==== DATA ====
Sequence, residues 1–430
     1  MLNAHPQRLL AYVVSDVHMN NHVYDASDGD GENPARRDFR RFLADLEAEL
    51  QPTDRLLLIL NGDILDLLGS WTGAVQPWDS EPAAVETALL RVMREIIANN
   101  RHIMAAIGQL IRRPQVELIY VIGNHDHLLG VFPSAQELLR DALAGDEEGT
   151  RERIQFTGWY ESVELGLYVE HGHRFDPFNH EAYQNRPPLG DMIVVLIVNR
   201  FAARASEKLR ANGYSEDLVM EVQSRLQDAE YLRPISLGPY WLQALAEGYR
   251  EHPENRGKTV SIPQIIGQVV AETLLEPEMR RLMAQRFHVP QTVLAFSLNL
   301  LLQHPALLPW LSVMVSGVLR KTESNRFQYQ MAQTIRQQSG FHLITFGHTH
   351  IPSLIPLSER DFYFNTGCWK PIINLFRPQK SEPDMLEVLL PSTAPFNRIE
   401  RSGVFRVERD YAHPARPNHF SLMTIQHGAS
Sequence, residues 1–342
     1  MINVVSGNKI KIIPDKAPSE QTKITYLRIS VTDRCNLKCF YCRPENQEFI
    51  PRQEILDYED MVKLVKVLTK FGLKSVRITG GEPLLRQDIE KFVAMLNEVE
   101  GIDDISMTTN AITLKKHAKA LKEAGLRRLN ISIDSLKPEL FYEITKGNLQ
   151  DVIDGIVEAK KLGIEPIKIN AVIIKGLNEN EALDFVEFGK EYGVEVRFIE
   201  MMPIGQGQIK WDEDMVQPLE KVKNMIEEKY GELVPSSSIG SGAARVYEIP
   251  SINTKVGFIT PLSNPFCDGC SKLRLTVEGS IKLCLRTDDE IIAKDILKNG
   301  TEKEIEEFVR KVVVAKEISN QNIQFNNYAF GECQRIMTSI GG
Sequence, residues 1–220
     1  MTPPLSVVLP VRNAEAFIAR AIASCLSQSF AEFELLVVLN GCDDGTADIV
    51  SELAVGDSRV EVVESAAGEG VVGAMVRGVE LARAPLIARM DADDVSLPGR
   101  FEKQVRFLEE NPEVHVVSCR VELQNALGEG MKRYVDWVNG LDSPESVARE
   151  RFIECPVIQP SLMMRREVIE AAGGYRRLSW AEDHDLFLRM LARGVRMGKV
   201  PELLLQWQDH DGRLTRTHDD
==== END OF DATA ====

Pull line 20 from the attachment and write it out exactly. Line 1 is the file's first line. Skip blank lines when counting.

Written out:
     1  MTPPLSVVLP VRNAEAFIAR AIASCLSQSF AEFELLVVLN GCDDGTADIV